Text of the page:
Fatal Friends, Deadly Neighbors and Other True Cases - Ann Rule Ann Rule’s latest compilation of eerie true crime stories hits close to home with many readers. While the cases she covers in this book all take place in the Midwest to west coast, they feel like they can happen anywhere. In most of these cases, the victims were attacked by someone they knew, and, sadly, this is often what happens. Be forewarned, these stories deal with rape and murder, a couple even involve children. If any of that bothers you, it’s best to steer clear. Of course, if you’re reading this review, you’re probably a true crime buff. The name Ann Rule is practically synonymous with the genre.

The book contains nine stories, two novella length and the rest ranging from twenty to fifty pages. The first story is one of the most infuriating and the most tragic. In Fire and Ice: The Powell Family Tragedy, the devastating second act could have been avoided if the Utah police hadn’t been afraid to act. The Washington police working with them seemed to think there was enough evidence for an arrest, but couldn’t act without cooperation from Utah. On top of that, if this story doesn’t convince you that the child protection system needs to be revamped, nothing will. I’ve never read a something that made me so angry or upset me so much. When I finished it, I was torn between sadness and wanting to hit something.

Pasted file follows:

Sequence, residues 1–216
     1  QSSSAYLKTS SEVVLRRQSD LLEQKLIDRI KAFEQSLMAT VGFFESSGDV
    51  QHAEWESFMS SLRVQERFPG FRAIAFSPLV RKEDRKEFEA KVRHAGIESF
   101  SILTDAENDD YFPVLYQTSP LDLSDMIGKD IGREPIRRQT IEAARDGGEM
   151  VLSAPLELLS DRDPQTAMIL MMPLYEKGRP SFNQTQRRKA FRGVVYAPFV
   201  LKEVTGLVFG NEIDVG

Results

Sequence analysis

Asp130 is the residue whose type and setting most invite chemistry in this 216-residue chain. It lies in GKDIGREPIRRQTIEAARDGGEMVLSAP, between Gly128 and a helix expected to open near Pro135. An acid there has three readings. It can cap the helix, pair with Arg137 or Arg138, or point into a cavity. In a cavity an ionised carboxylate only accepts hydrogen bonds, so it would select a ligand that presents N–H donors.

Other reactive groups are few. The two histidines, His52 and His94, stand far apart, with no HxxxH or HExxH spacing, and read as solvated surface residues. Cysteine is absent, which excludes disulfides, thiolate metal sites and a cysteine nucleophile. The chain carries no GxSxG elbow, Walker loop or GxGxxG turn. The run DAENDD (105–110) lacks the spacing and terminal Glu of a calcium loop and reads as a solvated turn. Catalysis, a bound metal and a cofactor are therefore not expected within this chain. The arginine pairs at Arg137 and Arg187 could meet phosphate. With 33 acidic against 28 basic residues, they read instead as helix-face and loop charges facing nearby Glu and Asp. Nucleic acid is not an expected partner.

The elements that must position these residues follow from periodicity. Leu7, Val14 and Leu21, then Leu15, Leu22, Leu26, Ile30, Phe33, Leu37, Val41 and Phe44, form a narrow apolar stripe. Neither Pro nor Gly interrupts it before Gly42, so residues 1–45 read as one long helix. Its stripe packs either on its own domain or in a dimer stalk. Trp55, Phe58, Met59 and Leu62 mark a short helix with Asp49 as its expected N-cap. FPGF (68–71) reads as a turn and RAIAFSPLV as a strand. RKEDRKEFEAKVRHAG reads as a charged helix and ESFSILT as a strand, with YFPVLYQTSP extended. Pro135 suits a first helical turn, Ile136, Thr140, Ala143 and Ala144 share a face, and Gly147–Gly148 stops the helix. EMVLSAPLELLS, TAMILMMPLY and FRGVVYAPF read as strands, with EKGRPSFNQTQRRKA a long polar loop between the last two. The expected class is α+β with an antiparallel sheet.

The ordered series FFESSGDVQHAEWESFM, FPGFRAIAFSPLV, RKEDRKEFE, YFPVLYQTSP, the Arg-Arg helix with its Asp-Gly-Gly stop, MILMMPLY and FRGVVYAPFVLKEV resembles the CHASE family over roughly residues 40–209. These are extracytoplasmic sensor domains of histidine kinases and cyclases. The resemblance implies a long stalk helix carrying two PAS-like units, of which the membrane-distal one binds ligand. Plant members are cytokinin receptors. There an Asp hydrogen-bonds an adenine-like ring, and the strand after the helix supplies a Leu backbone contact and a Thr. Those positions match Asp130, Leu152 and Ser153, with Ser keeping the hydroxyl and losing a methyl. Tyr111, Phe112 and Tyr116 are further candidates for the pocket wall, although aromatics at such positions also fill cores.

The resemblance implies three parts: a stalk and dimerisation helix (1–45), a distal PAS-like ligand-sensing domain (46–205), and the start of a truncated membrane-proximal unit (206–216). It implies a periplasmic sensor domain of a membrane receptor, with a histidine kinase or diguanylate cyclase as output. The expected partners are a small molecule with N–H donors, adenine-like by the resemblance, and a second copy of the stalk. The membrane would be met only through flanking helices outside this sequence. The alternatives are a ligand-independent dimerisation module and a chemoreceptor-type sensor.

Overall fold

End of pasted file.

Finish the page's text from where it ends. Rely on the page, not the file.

Two Strange Deaths in Coronado involves the deaths of a young boy and his father’s girlfriend. These deaths happened within forty-eight hours of each other, and remain unsolved. Fire! is the most boring of the compilation. Nothing really happens except for a few fires being set in a hotel, and I didn’t find the story worthy of a true crime compilation.

An Obsession With Blondes and Terror on a Mountain Trail are rape cases, but neither one involved an assailant that the victims knew either personally or from seeing them around town. The Last Valentine’s Day, The Man Who Loved Too Much, and No One Knows Where Wendy Is all fit the format of the book, and are all interesting reads.

What I love the most about Rule’s writing is how invested she is in bringing these victims to life. They were/are real people, and Rule doesn’t let us forget that. She dedicated this book to all the victims whose stories she wrote within the pages. In some cases you can sense her frustration and rage at the setbacks and mistakes made by authorities, leaving them to go unsolved for years or even decades. She doesn’t have a problem asking questions when the behavior of law enforcement and medical professionals doesn’t make sense.

I did feel her writing was a little rushed in places and the book could have been edited a bit better. There are some sentences where words appear twice when another word could have been used instead. Also, as I mentioned above, some of the stories didn’t really fit the book’s common theme, and Fire! could have been left out altogether.

Overall, it was an interesting, quick read, with cases that will stir the emotions. It has a few flaws, but the overarching theme is clear: evil can lurk anywhere and in anyone.